The French Dispatch Featurette Introduces The All-Star Ensemble Of Wes Anderson's Latest Film

Wes Anderson's "The French Dispatch" is nearly upon us, bringing another all-star ensemble into the filmmaker's quirky world of eccentric characters and symmetric cinematography. Though Wes Anderson is one of the more well-known filmmakers working today, his style still keeps him in the niche category, which is probably why Searchlight Pictures is touting the immense ensemble cast to entice moviegoers into a trip to the theaters this fall. A new featurette highlights so many of the stars involved with the production, ranging from Wes Anderson's frequent collaborators like Bill Murray and Owen Wilson to those who haven't worked with the filmmaker before, such as Elisabeth Moss, Henry Winkler, and Timothée Chalamet. 

The French Dispatch Cast Featurette

"The French Dispatch" is said to tell collection of stories from the final issue of an American magazine published in a fictional 20th-century French city, so we won't see this entire ensemble getting involved in the same story or anything like that. One of the featured stories focuses on the May '68 student occupation protests, inspired by Mavis Gallant's two-part article "The Events in May: A Paris Notebook." Meanwhile, another story is based on "The Days of Duveen", a six-part feature in The New Yorker on art dealer Lord Duveen.

For those keeping track, here's the roster of "The French Dispatch" stars: Benicio del Toro, Tony Revolori, Adrien Brody, Tilda Swinton, Léa Seydoux, Frances McDormand, Timothée Chalamet, Lyna Khoudri, Jeffrey Wright, Alex Lawther, Mathieu Amalric, Stephen Park, Bill Murray, Owen Wilson, Liev Schreiber, Elisabeth Moss, Edward Norton, Willem Dafoe, Lois Smith, Saoirse Ronan, Christoph Waltz, Cécile de France, Guillaume Gallienne, Jason Schwartzman, Rupert Friend, Henry Winkler, Bob Balaban, Hippolyte Girardot, and Anjelica Huston.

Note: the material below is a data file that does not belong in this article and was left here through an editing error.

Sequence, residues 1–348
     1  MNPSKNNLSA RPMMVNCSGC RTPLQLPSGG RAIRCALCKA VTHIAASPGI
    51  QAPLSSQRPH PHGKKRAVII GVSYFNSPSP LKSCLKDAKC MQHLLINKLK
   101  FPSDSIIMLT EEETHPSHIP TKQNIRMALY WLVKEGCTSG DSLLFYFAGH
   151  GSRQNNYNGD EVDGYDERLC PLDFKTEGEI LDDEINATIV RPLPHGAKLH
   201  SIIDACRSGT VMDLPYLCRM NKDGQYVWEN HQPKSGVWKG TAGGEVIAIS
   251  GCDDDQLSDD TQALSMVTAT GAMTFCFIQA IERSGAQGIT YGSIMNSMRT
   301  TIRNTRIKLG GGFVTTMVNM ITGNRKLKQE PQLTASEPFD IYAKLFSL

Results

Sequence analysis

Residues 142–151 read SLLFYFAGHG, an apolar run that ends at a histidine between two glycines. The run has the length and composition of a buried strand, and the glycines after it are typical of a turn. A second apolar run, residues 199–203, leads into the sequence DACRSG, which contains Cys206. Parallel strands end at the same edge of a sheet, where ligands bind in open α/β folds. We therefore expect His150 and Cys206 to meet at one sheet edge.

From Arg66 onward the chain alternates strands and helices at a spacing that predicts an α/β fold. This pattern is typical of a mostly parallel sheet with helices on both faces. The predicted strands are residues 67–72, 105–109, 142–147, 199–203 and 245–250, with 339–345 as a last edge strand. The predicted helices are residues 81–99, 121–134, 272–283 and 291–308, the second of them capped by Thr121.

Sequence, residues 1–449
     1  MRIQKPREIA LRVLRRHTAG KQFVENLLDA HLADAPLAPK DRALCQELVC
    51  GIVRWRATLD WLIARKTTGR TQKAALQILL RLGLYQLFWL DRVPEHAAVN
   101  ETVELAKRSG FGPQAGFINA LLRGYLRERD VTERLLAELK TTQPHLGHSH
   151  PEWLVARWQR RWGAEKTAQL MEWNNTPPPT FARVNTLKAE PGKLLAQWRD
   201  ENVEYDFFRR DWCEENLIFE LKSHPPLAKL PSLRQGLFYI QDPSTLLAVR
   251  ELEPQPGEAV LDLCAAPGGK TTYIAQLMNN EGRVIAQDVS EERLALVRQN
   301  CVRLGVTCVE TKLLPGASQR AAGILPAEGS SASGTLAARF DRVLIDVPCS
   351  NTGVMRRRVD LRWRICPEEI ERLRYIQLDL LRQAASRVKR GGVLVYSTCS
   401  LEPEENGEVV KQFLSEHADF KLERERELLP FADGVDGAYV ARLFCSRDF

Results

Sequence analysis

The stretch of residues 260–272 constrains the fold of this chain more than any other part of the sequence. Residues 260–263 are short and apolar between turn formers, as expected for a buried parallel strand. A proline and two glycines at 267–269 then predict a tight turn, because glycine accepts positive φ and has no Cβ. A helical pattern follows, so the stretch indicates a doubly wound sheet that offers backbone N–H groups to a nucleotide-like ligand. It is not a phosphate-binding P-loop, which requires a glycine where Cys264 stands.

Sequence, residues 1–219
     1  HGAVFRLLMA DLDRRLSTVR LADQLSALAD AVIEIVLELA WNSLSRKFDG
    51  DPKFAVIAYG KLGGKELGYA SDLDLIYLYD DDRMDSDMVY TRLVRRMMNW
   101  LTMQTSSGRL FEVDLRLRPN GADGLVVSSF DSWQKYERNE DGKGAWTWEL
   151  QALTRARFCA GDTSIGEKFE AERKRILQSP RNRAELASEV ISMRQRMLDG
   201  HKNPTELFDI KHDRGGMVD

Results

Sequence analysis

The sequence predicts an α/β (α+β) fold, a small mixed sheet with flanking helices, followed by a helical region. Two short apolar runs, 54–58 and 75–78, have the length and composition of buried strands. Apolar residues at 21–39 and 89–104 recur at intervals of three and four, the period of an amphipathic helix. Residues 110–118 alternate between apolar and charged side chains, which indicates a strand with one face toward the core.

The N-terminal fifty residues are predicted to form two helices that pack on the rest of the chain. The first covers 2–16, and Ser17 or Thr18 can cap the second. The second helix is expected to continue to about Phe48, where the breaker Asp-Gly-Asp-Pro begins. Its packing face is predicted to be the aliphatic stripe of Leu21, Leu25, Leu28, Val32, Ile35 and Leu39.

Turned Up to 11

Whew, that's an impressive array of talent. Though many have worked with Wes Anderson before, there are plenty of them working with the director for the first time, and it will be interesting to see how they fit into the filmmaker's trademark style of storytelling. It sounds like Anderson didn't pull any punches when telling each of the stories in "The French Dispatch." Not only did he utilize some of his trademarks, but, as our own Hoai-Tran Bui writes in her review, he mixes things up a bit:

"Each vignette is as packed with the same amount of meticulous detail and immaculately clipped dialogue delivery as a full-fledged Anderson movie. The visual language changes from vignette to vignette, some a pleasant pastel; some pop with bright, saturated colors; some in black-and-white; some a fantastical blend of both. It's Anderson, 25 years into his career, flexing every stylistic trick in his pocket, and then some."

In the review, she also added, "All of Anderson's stylistic quirks are turned up to 11 in this film; his pop-up book aesthetic, but one where each page explodes with glitter and flowers and tinny saxophone music, and somehow, real fireworks." That sounds wonderful to me. However, if the box office performance of "The Last Duel" is any indicator, adult fare like this may not be what moviegoers are looking for in their trip to the multiplex. But maybe Wes Anderson's lighter approach that mixes quirky comedy with a bit of drama will be a little more appealing in these frustrating times.

"The French Dispatch" hits select theaters on October 22, 2021 and will expand to more theaters the following week on October 29.